Happy to be weird, says Roque
HE is “happy to be weird,” Harry Roque said of the Inquirer news story on “weird candidates” that included him among the list of offbeat contenders for various elective posts in the May 2016 polls.
“I am sorry if you find this weird. I am happy to be weird in this way and I think our country needs more of my brand of weirdness,” the activist lawyer said of the story published on Thursday.
Roque is running for a congressional seat as representative of the party-list group Kabayan, which stands for Kalusugan, Pabahay at Kabuhayan (Health, Housing and Livelihood), a multisectoral organization registered with the Commission on Elections.
Roque, the counsel for the family of slain transgender Jennifer Laude, the families of the victims of the 2009 Maguindanao massacre, and the family of slain broadcast journalist Gerry Ortega, had initially considered running for senator under the United Nationalist Alliance of Vice President Jejomar Binay.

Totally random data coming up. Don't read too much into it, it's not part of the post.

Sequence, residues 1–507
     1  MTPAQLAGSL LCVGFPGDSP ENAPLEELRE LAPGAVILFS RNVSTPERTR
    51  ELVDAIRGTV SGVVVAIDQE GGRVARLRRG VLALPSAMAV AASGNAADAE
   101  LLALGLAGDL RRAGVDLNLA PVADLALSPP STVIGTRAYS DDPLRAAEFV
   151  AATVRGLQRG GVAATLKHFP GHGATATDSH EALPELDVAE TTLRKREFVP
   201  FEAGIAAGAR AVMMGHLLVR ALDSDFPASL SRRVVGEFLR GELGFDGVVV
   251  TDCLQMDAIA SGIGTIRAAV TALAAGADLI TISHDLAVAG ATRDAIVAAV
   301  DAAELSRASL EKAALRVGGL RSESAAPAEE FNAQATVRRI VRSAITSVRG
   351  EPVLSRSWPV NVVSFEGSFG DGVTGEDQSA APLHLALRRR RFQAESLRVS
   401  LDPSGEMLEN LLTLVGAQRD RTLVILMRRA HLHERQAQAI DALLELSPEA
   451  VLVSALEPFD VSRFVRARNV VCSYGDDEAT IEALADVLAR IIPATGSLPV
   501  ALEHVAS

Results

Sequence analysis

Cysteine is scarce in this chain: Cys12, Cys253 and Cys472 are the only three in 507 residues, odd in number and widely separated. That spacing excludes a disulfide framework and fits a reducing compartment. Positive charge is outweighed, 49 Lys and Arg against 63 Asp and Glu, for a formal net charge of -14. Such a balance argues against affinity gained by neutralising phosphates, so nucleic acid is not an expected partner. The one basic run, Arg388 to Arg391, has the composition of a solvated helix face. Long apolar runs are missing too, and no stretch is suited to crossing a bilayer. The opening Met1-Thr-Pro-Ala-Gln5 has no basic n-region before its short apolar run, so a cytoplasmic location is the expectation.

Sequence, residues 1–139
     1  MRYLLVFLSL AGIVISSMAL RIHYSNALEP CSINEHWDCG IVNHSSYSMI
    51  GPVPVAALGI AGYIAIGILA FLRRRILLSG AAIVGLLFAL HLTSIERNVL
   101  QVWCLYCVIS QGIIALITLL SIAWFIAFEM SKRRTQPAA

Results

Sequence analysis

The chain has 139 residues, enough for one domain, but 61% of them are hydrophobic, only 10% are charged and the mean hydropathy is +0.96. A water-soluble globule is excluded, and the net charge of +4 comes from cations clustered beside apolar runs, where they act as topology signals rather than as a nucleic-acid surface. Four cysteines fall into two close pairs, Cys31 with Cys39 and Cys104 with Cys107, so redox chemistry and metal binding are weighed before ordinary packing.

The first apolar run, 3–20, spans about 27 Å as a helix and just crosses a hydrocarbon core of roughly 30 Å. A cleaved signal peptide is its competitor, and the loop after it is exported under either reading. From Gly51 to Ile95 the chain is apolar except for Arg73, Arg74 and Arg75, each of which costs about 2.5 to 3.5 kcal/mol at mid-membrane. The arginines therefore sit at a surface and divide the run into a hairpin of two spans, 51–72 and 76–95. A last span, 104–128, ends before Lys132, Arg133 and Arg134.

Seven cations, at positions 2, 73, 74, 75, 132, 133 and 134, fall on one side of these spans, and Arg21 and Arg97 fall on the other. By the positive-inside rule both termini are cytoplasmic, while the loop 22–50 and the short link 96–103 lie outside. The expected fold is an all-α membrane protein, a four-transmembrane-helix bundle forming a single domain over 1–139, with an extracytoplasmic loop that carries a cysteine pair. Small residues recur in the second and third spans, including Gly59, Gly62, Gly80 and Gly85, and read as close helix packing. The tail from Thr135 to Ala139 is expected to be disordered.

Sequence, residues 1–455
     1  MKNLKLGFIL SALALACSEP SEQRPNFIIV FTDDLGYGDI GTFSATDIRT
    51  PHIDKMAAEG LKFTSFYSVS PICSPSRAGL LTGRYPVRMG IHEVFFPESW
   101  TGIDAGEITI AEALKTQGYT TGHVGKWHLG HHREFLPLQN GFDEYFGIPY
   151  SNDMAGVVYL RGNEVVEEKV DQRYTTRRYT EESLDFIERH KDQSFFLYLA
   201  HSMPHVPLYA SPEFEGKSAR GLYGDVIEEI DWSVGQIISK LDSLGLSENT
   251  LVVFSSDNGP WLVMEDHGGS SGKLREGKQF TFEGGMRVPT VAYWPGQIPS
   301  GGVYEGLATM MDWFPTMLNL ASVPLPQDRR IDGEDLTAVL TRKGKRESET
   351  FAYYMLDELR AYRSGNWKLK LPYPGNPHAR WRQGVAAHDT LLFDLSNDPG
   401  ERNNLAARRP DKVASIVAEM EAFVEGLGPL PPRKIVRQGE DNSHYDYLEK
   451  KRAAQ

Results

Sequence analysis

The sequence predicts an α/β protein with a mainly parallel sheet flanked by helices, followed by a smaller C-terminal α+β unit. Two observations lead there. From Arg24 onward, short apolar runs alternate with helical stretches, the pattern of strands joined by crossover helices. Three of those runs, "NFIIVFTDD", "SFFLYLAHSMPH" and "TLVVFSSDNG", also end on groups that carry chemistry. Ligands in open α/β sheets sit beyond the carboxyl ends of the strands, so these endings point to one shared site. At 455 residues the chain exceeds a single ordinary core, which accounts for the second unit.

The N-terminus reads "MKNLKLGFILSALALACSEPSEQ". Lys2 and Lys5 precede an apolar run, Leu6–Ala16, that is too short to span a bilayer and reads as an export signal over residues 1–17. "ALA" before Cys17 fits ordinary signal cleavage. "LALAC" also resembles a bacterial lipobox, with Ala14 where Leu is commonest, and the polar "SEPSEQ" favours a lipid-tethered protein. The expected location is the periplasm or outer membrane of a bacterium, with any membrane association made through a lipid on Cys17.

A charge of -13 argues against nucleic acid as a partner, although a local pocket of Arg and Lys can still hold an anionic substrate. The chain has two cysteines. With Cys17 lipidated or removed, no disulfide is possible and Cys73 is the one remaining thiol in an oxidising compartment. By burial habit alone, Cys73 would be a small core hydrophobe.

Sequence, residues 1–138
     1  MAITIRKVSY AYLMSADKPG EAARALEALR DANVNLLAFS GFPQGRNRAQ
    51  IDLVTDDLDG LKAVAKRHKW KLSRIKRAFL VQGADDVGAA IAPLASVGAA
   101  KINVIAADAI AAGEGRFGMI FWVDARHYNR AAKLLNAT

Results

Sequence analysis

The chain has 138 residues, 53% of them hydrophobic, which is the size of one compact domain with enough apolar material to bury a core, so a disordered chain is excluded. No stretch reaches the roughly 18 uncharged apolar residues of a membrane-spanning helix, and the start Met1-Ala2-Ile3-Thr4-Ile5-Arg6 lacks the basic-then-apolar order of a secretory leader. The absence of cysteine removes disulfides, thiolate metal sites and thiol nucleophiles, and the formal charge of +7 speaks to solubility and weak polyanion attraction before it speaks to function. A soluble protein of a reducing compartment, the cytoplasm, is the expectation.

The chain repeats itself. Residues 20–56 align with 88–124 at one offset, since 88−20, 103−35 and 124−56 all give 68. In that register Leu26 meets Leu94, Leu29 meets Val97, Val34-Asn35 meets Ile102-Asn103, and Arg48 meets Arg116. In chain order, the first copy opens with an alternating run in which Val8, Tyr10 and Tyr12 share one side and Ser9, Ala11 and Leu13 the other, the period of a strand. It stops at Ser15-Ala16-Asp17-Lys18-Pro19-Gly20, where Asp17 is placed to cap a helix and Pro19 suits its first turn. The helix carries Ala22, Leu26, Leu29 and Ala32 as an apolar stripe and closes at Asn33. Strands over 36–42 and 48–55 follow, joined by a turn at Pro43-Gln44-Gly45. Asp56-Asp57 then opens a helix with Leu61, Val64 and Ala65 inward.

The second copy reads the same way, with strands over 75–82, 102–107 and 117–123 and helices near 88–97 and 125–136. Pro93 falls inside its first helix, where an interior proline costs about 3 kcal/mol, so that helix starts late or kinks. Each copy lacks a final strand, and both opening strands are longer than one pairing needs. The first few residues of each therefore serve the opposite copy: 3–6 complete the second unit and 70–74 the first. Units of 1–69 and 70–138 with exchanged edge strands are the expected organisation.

But in August, Roque decided to run under the Kabayan party-list group instead, saying the move was more consistent with his human rights advocacy.
“I have devoted 35 years of my life using the law as a tool for the protection of political and civil rights. But the truth is, though we have gained much by way of jurisprudence, public interest litigation cannot address the root causes of why our political and civil rights are violated. Thirty-five years later, the problems remain the same: poverty, lack of livelihood, lack of housing—all of which lead to lack of hope,” said the full-time professor of constitutional law at the University of the Philippines. Jerome Aning
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